What is Alternative Licensing?

As new forms of publication and scholarship begin to take hold, the academic world is examining standard forms of licensing and rights management and finding them lacking. While current copyright and intellectual property laws focus on restricting use of materials, authors are beginning to explore new models that center on enabling use while still protecting the academic value of a publication. Some rights are still reserved, but some are proactively licensed at publication time to encourage re-use. These approaches make it clear which rights are licensed for various uses, removing the barrier of copyright and smoothing the way for others to access and use one’s work.

Publishers, authors, and institutions are exploring a variety of flexible approaches to licensing and rights management. One such approach is that taken by Creative Commons, an organization that supplies easy-to-understand, “some rights reserved” licenses for creative work. Authors simply review the list of rights they can grant or restrict, make their choices, and receive a link to a written license that spells out how their work may be used. The licenses work within current copyright laws but clearly state how a work may be used. Copyleft is another alternative approach; often used in open source software development, copyleft describes how work can be used and also governs how derivative works are to be licensed as well. Models like these are beginning to gain acceptance among artists, photographers, and musicians; scholarly papers and reports are increasingly released under alternative licenses. Some organizations, such as the New Media Consortium, have made it a policy to release all their work under licenses that facilitate sharing and reuse.

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(1) How might this technology be relevant to the educational sector you know best?

  • As one to one becomes more prevalent in k12, OER will be one way that schools can save money on textbooks that they will be spending on devices. Creative licensing can facilitate this movement. - jack.west jack.west Feb 22, 2012
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(2) What themes are missing from the above description that you think are important?

  • Many cc licensed works are free for educators to use, but require licensing that may be fee-based for organizations that intend to reap financial benefit through their use of the cc licensed work. This is a win-win. Educators have access to more and higher quality free materials. For profit institutions have more cost effective ways of procuring content for their applications. - jack.west jack.west Feb 22, 2012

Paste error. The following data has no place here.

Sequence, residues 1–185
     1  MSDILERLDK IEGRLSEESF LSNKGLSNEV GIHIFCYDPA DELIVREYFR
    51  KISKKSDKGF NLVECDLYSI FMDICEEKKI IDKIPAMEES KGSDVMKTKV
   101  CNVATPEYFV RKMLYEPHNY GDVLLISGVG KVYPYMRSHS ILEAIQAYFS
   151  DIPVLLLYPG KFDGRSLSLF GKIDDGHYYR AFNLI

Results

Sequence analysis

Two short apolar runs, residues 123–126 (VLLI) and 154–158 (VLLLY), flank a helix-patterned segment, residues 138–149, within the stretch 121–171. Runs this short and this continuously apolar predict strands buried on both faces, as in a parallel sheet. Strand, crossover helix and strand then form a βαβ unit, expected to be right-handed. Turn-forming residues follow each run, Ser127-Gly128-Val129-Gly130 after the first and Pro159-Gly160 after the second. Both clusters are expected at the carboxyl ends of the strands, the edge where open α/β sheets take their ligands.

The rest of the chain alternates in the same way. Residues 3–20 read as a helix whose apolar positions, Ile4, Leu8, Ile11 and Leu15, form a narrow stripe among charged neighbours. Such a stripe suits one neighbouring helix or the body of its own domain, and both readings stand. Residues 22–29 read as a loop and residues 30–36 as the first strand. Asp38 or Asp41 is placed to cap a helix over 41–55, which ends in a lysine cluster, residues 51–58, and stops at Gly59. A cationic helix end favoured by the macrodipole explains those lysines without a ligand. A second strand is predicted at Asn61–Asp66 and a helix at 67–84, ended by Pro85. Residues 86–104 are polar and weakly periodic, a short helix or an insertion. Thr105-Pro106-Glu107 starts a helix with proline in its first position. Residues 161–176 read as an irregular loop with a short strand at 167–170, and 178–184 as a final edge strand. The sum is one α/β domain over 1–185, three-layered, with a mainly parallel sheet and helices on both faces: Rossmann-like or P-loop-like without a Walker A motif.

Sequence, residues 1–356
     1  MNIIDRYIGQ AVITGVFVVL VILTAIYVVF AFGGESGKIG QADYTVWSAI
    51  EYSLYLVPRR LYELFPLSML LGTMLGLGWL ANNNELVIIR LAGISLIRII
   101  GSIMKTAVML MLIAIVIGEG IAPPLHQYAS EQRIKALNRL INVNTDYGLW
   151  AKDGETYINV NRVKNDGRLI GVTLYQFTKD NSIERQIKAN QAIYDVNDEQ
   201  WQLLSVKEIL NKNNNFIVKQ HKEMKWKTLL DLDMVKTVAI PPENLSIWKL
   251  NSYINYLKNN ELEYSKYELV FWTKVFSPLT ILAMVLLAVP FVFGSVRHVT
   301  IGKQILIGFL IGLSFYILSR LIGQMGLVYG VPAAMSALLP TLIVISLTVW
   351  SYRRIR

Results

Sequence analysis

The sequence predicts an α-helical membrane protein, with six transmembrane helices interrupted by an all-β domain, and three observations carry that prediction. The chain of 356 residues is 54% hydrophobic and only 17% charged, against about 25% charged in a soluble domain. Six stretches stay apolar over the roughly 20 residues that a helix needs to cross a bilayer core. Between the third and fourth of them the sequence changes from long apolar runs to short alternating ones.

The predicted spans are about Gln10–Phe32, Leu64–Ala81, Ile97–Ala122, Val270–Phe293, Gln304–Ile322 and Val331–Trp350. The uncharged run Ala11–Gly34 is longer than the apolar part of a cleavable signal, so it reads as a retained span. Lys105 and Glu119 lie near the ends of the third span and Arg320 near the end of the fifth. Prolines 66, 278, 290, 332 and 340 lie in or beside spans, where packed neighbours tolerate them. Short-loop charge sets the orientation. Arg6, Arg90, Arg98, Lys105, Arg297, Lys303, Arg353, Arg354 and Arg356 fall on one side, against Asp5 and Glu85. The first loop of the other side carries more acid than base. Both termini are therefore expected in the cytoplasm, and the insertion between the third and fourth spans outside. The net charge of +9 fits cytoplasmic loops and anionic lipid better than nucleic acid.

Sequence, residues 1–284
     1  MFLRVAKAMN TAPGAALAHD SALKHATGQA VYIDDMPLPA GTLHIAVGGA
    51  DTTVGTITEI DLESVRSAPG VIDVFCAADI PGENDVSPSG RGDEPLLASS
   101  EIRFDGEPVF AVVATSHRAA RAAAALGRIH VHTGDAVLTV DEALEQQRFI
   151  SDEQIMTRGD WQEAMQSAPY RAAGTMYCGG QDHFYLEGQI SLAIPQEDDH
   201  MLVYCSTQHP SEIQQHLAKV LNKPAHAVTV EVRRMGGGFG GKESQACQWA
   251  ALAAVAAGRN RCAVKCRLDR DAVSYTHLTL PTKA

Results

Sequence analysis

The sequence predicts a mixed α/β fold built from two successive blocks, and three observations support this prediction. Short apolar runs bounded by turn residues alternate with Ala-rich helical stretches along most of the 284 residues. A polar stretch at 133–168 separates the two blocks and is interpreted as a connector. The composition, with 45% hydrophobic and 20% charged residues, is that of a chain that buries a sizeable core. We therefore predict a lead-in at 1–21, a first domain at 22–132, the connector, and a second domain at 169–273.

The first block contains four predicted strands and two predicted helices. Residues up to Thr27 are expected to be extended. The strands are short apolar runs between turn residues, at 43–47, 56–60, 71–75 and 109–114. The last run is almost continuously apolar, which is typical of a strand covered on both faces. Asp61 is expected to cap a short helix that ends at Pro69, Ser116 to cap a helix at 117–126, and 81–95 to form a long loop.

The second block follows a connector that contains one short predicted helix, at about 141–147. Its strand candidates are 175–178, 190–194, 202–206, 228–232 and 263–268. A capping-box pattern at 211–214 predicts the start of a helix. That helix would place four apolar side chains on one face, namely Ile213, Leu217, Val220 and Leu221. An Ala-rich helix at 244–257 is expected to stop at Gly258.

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(3) What do you see as the potential impact of this technology on teaching, learning, or creative expression?

  • Extend this concept into the wired, one to one classroom and you can have teachers as curators of material for their students. The students have greater access to more and higher quality curricular materials that to aid in their understanding and learning independence. - jack.west jack.west Feb 22, 2012
  • Concur with Jack. This also opens up new avenues of creative expression for students, using cc material to remix and make new sense of the world. - bwatwood bwatwood Feb 24, 2012jan morrison- jan.morrison jan.morrison Mar 2, 2012

(4) Do you have or know of a project working in this area?

  • GooruLearning, http://www.goorulearning.org/ is currently free and has an api for developers to use the materials in ways that Gooru allows. As a nonprofit, they are committed to free access. However, to sustain their development and support of the project, Gooru intends to license their material to for profit institutions who will presumably rely upon further curation of Gooru's property. - jack.west jack.west Feb 22, 2012
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